Northern Ireland

Ireland could be 'safe haven for overseas tourists'

Places like Ballykeel Dolmen on Slieve Gullion, south Armagh could serve as a 'safe haven' for visitors to Ireland. Picture by Mal McCann
Places like Ballykeel Dolmen on Slieve Gullion, south Armagh could serve as a 'safe haven' for visitors to Ireland. Picture by Mal McCann

THE island of Ireland may be seen as a "safe haven" destination for overseas visitors this year due to security concerns about other parts of Europe, a tourism chief has predicted.

Tourism Ireland's chief executive Niall Gibbons said volatility elsewhere in the world is not a basis upon which to market the Irish brand, but he said it is nevertheless a factor that has to be considered.

Mr Gibbons was giving evidence to Westminster MPs in Belfast.

Members of the Northern Ireland Affairs Committee were at Stormont as part of their inquiry into the tourism industry north of the border.

Tourism Ireland markets both Northern Ireland and the Republic of Ireland to the international tourism market.

In a committee discussion about issues that influence visitor numbers coming to the island, Mr Gibbons outlined the significance of geo-politics

"I think the geo-political situation is far more volatile than it was this time six months ago," he said.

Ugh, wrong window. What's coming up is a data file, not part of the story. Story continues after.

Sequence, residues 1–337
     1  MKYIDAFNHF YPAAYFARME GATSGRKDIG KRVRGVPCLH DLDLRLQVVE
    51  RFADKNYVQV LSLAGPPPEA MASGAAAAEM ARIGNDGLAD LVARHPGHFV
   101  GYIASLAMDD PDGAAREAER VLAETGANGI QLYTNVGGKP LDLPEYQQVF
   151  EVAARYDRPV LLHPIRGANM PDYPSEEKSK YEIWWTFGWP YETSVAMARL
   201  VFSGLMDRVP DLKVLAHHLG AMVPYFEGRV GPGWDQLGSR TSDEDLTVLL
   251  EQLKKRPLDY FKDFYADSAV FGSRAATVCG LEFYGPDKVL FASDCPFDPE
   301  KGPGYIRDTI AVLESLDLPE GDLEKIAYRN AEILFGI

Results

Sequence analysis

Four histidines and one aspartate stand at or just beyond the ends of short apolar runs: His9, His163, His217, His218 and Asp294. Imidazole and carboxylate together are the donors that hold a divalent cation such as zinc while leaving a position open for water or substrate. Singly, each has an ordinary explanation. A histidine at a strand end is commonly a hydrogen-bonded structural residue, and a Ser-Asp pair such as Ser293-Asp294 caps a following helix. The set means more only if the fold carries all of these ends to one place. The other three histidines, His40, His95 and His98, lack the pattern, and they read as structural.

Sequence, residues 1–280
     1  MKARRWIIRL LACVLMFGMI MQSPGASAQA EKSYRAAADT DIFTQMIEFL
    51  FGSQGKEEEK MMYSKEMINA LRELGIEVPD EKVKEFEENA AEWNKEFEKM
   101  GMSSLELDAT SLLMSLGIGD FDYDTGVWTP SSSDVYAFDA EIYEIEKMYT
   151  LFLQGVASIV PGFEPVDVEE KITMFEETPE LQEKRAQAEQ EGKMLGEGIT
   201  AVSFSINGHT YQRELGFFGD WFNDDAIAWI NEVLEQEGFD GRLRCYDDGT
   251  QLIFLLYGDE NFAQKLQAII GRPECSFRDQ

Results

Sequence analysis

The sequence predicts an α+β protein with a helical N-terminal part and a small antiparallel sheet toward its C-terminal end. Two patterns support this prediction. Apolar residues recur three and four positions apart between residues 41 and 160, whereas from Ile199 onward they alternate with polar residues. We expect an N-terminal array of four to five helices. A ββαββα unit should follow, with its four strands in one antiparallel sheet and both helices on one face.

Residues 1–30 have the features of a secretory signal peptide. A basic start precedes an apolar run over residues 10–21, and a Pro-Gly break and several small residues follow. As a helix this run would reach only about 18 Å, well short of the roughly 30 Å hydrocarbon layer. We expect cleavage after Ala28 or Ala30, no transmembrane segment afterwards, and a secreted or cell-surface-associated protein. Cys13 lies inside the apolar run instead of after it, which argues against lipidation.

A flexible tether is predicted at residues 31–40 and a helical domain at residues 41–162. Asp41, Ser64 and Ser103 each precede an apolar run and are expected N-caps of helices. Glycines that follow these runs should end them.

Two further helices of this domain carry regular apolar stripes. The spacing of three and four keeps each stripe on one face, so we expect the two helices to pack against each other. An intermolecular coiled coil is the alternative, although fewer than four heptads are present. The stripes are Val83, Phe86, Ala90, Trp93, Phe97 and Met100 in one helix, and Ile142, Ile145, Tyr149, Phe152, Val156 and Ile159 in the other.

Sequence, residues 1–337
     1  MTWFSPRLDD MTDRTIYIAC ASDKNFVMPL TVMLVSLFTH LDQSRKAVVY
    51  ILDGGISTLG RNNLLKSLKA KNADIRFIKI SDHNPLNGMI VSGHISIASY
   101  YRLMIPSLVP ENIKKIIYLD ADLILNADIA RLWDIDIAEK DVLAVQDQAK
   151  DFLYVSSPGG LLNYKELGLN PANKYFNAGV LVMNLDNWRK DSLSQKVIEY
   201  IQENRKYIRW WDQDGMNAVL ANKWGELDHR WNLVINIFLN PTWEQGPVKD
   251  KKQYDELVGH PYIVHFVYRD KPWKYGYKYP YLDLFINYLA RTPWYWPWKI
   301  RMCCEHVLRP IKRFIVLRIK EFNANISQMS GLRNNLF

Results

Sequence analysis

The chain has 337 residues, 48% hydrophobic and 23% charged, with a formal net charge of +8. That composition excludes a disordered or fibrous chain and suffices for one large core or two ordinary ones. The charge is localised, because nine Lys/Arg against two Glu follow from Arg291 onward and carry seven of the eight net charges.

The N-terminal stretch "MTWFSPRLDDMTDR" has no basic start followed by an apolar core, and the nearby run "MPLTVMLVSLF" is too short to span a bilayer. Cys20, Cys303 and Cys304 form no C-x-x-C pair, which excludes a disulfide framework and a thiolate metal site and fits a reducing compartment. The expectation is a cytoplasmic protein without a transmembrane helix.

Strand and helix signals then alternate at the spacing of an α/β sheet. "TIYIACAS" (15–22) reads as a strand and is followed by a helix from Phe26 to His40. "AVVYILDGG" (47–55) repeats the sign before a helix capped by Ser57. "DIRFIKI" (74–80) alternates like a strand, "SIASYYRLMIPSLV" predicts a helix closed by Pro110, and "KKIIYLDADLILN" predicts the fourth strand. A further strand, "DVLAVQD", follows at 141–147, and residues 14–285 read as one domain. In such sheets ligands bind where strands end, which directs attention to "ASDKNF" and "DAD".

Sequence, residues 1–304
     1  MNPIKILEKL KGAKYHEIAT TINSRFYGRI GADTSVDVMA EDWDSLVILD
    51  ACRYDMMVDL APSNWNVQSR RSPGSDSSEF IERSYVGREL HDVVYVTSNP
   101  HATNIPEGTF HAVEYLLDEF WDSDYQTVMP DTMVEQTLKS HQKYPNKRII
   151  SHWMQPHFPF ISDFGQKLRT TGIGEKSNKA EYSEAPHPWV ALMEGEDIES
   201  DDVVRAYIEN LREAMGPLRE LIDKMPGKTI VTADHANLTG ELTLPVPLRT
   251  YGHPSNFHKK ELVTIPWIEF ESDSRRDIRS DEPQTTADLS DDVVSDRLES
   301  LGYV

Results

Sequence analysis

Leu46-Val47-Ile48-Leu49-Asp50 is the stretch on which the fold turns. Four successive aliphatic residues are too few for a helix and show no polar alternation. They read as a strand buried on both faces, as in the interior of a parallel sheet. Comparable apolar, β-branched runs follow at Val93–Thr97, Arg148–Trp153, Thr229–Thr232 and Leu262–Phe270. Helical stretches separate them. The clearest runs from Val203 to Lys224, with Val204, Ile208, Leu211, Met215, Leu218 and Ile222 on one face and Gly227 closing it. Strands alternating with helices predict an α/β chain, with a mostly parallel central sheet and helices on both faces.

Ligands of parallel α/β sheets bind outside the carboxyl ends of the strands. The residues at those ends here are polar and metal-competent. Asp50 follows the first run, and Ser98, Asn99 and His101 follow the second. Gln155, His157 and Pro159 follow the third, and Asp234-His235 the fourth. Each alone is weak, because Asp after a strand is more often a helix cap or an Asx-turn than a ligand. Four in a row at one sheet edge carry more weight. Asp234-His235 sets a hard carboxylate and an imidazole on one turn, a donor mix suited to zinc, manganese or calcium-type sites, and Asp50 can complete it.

"We have seen the attacks in Paris and difficult situations in Brussels and North Africa.

"In a strange way what that has done in terms of international tourism trends - since the Arab Spring (2011) started we have seen tourism traffic pushed from North Africa and southern Europe up towards northern European countries. Actually northern European countries have actually made gain shares.

"And what we are possibly likely to see this year is Ireland being seen as a more safe haven type destination.

"Not the basis upon which you want to build your brand, but it is something we do take very seriously so to speak, particularly in markets like North America... We now see 10% of all North Americans travelling to mainland Europe now coming to the island of Ireland, which is a very, very big market share - it's our biggest ever.

"So that geo-political one is one we have to be very conscious of."

MPs heard from a number of other witnesses on the tourism sector in Northern Ireland.

One of the key issues was the campaign for the 20% VAT rate paid by tourism providers north of the border to be reduced to the 9% in operation in the Republic of Ireland.

The UK Government has proved resistant to the call, insisting the potential benefits would not sufficiently off-set the reduction in revenue take.

Stormont Finance Minister Mervyn Storey told the committee a VAT cut made sense not only in Northern Ireland, but across the UK.

"If we do this on a national basis we believe this would be of a huge benefit to the tourism product right across the nation," he said.